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Significance of the Kiswah in Riyadh

[ by Charles Cameron — oh, but it’s just a backdrop ]

When ABC News describes the room in which President Trump addressed King Salman of Saudi Arabia and the leaders of 50 Muslim nations in Riyadh this morning, they mentioned that it was “an ornate room that featured 11 chandeliers and six giant video screens.” Okay, but to my eye the scene was dominated by a great black and gold panel of the Kiswah [above], the ornate cloth, renewed once yearly, which covers the Kaaba in Mecca, the point in this turning world to which all Muslims turn in prayer, and around which they revolve in pilgrimage.

I spent some time searching for a decent press photograph or media mention of this Kiswah panel, without success — the chandeliers are clearly more important to media sensibilities than the veil of Islam’s most central shrine, to which all mosques are oriented.


I am reminded of Tim Furnish‘s comment yesterday, pointing out that the Time magazine cover showing the Kremlin (below) had airbrushed out the crosses atop the onion domes of St. Basil’s Cathedral —

— domes which Time referred to, in a further display of ignorance, as minarets.

Why are we so appallingly oblivious to religious symbolism, when it plays so major a role in communicating meaning? What tells us more about a cathedral than the cross which surmounts it? Which more completely dominates that conference chamber in Riyadh — the colorful array of flags, or the great panel of the Kiswah mounted above them?

Why do we so consistently airbrush religion out of the picture?

6 Responses to “Significance of the Kiswah in Riyadh”

  1. Richard Landes Says:

    it’s the great blindspot of liberal cognitive egocentrics. they’ve “freed” themselves from the mind-forged manacles of “superstition,” and they sure as hell don’t want to find out that there’s something more to religion than the silly old wives’ tales they’ve reduced it to. it would mean a) they haven’t got it all figured out, and b) they’d have to lighten up on their contempt for people who are religious.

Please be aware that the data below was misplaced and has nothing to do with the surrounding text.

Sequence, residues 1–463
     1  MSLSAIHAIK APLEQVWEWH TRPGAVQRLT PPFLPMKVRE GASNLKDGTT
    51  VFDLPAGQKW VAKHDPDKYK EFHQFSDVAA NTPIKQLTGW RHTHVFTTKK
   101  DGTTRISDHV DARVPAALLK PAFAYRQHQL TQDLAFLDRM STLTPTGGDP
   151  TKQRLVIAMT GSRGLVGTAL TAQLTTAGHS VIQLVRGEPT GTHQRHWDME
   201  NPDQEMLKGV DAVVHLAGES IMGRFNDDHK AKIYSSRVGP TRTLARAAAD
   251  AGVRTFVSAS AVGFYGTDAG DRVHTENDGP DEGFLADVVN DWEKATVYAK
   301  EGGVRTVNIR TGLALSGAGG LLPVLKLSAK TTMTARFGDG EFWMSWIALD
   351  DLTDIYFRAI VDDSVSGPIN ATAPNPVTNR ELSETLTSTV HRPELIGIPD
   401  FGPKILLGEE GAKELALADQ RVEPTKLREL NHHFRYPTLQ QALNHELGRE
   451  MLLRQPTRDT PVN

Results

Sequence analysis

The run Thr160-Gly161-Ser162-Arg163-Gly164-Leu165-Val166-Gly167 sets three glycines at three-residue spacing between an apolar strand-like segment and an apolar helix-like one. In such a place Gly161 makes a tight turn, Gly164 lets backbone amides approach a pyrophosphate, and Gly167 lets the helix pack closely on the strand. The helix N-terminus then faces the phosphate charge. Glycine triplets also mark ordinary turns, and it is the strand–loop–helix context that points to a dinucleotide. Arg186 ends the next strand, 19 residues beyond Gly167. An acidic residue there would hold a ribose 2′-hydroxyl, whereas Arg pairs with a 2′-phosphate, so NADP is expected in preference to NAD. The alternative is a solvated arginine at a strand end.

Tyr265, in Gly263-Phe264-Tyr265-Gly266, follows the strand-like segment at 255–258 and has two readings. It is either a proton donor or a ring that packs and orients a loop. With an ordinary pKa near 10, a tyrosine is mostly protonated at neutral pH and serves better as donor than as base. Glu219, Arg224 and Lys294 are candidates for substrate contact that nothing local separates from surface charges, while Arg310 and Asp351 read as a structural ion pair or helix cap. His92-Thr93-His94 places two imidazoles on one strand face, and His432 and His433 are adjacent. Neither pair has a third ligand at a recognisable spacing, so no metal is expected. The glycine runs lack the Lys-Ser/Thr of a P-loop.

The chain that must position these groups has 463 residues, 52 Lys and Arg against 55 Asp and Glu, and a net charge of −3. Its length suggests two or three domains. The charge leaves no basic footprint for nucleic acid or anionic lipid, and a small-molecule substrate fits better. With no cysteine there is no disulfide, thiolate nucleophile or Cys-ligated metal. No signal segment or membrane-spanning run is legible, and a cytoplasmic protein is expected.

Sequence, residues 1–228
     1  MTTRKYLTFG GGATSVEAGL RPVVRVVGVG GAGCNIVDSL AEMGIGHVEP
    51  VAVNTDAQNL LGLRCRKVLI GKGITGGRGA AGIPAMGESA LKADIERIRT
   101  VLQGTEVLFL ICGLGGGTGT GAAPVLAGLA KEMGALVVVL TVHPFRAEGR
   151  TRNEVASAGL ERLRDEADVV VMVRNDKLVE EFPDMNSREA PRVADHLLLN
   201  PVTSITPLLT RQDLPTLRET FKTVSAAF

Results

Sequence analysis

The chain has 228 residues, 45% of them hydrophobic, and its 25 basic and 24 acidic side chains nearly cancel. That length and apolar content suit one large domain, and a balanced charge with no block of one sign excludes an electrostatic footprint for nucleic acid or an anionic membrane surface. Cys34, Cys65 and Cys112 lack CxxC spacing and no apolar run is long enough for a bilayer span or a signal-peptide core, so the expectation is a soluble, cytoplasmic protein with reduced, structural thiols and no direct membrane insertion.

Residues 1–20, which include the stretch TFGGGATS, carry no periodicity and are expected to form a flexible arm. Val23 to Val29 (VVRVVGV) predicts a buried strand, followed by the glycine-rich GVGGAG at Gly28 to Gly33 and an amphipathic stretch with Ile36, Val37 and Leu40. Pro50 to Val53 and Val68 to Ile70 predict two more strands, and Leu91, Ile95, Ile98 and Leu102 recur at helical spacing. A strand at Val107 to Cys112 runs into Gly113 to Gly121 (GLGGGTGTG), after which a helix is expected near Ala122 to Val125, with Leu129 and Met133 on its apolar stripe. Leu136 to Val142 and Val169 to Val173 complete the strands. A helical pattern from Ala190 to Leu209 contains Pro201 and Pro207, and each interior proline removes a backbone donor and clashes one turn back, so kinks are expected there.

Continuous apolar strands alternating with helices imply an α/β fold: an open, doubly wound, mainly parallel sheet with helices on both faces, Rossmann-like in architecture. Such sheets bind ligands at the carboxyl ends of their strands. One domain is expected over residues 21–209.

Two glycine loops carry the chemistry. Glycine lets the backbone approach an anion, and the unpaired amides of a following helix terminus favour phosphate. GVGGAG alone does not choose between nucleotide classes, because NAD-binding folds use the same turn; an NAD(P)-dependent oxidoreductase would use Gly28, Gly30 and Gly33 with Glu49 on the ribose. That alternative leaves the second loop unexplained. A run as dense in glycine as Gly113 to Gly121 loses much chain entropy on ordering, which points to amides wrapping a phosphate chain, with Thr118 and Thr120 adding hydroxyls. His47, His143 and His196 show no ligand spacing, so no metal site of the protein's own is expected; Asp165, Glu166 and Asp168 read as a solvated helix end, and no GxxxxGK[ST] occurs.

the result of this self-indulgent, narcissistic fantasy is that they are completely outmaneuvered by some of the nastiest imperialists on the planet because they radically underestimate them.

  2. Timothy Furnish Says:

    But Charles….the media did NOT airbrush out the kiswah, they simply failed to talk about it. They DID, in point of fact, obliterate the crosses on St. Basil’s Orthodox Cathedral. Your ignorance equivalence thus really doesn’t hold up, my friend.

  3. Charles Cameron Says:

    Ha, Tim, you have a point. I’d say the media have at minimum a blindpspot as to the importance of religious symbols in both cases, with the removal of the crosses certainly a more overt and deliberate act.
    I’m reminded also, now that you press the point, of the even more overt and hostile image:
    cross removed & replaced by ISIS flag

  4. Charles Cameron Says:


  5. J.ScottShipman Says:

    The media doesn’t have blindspot, they have an aversion to Christianity.

  6. Charles Cameron Says:

    IMO some members may have a blinspot, some a particular aversion.. but either way, a lot gets left out in the telling.

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